• Justice work (God's maintenance of justice). Judges, lawyers, paralegals, government regulators, legal secretaries, city managers, prison wardens and guards, policy researchers and advocates, law professors, diplomats, supervisors, administrators, and law enforcement personnel participate in God's work of maintaining justice.
  • Compassionate work (God's involvement in comforting, healing, guiding, and shepherding). Doctors, nurses, paramedics, psychologists, therapists, social workers, pharmacists, community workers, nonprofit directors, emergency medical technicians, counselors, and welfare agents all reflect this aspect of God's labor.
  • Revelatory work (God's work to enlighten with truth). Preachers, scientists, educators, journalists, scholars, and writers are all involved in this sort of work.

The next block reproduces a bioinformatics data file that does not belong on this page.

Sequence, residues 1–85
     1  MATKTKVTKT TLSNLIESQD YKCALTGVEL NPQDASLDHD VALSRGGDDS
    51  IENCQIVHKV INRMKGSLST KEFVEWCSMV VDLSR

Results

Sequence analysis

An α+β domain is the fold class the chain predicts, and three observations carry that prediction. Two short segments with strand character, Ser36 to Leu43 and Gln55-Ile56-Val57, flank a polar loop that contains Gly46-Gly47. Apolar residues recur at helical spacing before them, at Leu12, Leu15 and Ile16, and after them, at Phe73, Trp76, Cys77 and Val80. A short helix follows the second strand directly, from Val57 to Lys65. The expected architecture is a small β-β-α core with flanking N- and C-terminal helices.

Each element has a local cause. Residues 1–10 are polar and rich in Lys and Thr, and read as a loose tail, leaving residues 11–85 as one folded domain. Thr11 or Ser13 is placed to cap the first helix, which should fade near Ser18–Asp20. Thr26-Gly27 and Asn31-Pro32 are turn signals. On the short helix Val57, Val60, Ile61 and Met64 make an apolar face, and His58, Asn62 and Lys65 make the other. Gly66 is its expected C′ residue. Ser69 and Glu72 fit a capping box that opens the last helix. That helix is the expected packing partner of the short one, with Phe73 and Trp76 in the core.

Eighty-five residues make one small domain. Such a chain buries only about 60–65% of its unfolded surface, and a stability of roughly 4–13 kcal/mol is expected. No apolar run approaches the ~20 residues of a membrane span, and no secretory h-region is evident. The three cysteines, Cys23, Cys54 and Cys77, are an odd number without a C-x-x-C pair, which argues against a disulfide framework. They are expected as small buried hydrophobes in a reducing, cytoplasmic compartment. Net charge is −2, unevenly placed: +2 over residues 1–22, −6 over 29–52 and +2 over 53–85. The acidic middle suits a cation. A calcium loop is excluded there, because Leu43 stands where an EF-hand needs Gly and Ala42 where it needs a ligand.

In all these various ways, God the Father continues his creative, sustaining, and redeeming work through our human labor. This gives our work great dignity and purpose. Vocational stewardship starts with celebrating the work itself and recognizing that God cares about it and is accomplishing his purposes through it.

It is worth lingering on this point because much teaching on the integration of faith and work neglects the inherent value of work. Church leaders should indeed teach and preach on becoming certain types of workers—honest workers, ethical workers, caring workers, faithful workers, and salt-and-light workers. But such teaching is biblically insufficient if there's never any mention of the inherent value of the work itself. As my brilliant friend Ken Myers likes to say, we should seek to be more than "adverbial Christians."